Reissue of Neurosis’s second full length album The Word As Law. Released in 1990 this was still a precursor album to the more avant garde doom laden band we know today, but they were still pioneering, mixing punk and hardcore fury with metal musicality and brunt. Remastered and released through Neurot.
Vinyl LP £21.99 NR104LP
180g GREY vinyl reissue LP on Neurot. Remastered by Bob Weston at Chicago Mastering Service.
CD £12.49 NR104
Reissue CD on Neurot. Remastered by Bob Weston at Chicago Mastering Service.
Extremely early crustings from Neurosis from back in the day when they in fact did not cut off the crusts from the bread that was their punk rock. ‘The Word as Law’ is a gnarly lil slab of quite shoddily recorded nonsense, seeing kinda silly growls coast their way over grumbling, head-scratching basslines, thrashy drums and deep belly shouts. This was Neurosis as a different kind of extreme, one that boasted its rawness and repetition, letting the incidental noises hurling outta the amps fill in the gaps.
Some great, funny riffs, too: I always have loved the way “the Choice” braeks into its second, bumpier passage, proving the band could at this point make great dynamic maneuvers without breaking up their songs. Even though the guitars are like, off the wall: many of these riffs sound completely out of place with the record’s dour and gruff tone, their movements gleeful and goofy, the bass lines bouncy against the metal squalor.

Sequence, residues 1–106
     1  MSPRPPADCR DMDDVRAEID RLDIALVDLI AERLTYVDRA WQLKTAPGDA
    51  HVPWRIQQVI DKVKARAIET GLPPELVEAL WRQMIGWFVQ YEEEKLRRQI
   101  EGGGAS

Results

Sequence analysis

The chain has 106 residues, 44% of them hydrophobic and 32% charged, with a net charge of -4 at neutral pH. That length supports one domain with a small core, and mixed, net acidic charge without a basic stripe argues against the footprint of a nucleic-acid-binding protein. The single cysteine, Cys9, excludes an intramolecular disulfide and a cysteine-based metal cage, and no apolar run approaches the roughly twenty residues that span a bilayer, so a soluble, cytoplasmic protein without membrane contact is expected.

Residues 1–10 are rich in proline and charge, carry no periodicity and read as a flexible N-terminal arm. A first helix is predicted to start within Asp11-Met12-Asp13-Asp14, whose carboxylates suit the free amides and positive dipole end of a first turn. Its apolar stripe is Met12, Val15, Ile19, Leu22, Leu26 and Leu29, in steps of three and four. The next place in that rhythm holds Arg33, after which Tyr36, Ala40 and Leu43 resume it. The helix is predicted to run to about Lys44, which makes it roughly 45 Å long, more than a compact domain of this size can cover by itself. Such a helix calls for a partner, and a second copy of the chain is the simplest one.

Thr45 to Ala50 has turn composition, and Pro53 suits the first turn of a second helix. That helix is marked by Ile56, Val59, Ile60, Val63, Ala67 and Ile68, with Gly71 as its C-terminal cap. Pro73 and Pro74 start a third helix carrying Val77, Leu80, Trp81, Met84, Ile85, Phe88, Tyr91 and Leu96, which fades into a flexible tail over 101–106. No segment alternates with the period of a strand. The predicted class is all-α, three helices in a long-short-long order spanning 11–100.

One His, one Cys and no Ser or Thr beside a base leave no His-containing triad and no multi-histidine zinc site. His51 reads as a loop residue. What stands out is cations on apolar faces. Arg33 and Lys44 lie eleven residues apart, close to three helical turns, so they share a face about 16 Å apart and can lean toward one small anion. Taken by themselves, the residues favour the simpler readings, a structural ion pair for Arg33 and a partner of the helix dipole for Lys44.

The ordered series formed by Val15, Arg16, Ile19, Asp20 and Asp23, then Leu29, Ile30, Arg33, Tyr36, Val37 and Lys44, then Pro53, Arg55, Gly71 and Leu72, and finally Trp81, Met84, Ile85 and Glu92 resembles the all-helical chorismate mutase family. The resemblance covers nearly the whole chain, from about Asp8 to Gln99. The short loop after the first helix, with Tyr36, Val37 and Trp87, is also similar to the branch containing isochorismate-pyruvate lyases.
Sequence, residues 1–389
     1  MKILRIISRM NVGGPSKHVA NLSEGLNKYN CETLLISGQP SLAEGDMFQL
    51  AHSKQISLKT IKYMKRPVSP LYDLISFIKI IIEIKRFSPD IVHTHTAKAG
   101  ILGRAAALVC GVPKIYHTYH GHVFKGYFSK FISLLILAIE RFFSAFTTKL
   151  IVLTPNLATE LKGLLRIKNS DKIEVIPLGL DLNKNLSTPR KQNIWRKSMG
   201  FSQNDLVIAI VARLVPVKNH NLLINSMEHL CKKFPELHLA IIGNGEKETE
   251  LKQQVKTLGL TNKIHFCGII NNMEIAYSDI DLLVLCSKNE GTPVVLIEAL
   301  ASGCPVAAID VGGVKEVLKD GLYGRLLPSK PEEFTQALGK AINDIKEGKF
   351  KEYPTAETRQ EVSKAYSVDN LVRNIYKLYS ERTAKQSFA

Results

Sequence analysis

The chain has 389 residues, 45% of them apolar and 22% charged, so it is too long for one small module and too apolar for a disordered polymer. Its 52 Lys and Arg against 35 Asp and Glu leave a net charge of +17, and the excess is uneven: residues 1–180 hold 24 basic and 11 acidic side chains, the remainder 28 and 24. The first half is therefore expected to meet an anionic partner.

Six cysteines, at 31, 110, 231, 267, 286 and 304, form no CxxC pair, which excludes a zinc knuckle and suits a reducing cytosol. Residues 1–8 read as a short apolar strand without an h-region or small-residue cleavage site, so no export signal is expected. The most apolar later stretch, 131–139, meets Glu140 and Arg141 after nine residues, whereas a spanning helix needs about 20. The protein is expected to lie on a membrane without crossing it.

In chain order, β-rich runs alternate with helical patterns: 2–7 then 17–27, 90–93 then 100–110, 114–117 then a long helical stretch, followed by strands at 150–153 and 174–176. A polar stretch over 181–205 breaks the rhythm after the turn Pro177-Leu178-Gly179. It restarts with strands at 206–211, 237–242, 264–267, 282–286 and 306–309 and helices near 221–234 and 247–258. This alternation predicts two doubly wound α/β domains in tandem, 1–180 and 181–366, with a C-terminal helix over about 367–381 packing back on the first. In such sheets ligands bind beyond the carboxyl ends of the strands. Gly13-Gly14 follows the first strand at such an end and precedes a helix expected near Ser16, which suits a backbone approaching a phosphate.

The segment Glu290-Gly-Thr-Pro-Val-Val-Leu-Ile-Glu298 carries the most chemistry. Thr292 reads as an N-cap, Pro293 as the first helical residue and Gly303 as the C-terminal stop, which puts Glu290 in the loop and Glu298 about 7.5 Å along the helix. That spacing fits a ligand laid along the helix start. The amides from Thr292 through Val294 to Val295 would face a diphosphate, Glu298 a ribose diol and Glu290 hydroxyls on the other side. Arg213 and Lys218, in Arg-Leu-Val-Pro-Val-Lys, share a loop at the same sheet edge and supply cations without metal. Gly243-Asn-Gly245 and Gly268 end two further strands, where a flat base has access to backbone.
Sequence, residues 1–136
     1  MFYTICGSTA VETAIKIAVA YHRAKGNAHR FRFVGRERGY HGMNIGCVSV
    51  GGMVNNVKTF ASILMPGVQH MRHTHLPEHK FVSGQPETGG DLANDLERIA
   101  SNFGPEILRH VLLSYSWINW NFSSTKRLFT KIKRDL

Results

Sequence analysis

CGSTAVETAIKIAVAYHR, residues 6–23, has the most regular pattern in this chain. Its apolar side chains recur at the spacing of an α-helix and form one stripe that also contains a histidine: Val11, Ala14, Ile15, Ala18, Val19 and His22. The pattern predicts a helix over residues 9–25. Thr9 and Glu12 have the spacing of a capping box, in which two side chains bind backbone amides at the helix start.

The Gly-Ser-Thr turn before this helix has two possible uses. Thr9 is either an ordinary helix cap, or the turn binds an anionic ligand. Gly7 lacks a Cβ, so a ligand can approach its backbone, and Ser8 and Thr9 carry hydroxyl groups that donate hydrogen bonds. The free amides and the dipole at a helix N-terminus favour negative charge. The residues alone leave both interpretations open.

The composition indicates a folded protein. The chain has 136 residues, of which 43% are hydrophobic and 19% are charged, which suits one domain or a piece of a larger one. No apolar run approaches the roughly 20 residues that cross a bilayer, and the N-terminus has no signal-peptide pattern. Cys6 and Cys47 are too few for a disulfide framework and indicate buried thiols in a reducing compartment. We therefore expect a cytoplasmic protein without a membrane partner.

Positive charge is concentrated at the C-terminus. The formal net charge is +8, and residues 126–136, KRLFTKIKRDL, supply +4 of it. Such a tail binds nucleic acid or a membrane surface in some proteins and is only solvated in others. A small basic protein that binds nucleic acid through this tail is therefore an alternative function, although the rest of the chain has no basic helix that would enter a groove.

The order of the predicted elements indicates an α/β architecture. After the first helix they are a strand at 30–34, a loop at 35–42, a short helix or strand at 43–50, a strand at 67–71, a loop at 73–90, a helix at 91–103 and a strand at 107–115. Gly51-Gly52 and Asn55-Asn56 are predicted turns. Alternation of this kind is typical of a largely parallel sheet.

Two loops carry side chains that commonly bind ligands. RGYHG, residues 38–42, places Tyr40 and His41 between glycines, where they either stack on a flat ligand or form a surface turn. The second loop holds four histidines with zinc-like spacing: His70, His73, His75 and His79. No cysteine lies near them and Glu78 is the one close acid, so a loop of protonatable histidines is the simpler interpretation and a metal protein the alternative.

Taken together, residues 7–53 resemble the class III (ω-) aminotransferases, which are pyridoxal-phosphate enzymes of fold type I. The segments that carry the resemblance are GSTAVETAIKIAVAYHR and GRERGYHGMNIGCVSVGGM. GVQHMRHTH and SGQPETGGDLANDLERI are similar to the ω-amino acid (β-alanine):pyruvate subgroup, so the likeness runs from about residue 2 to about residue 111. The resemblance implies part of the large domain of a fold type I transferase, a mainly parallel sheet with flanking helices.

Did… did Neurosis used to know how fun was had? Wild.
7/10 gbar 14th August 2017
Originally released in 1990, Neurosis' sophomore record 'The Word As Law' saw the band going through a transition between their early punk roots and eventually creating their own unique sound. While it tends to lean more on the punk side of things, there are heavy hints at their future style. Songs like "Double-Edged Sword" and the fantastic "Tomorrow's Reality" confirms that Neurosis were still rooted in the punk scene. "Tomorrow's Reality" showcases the unique dynamic between the two singers, something that doesn't feature as much on this album as it does on their debut, while the creeping atmospherics of "To What End?", plus the lingering guitars of "Insensitivity" and "Blisters" showed they were trying to do something atypical and new. This new direction would become realized two years later with their groundbreaking release 'Souls At Zero'. While it may not be their most enjoyable full-length, The Word As Law plays an important part of Neurosis' discography as they began to deviate from genre-based restrictions.
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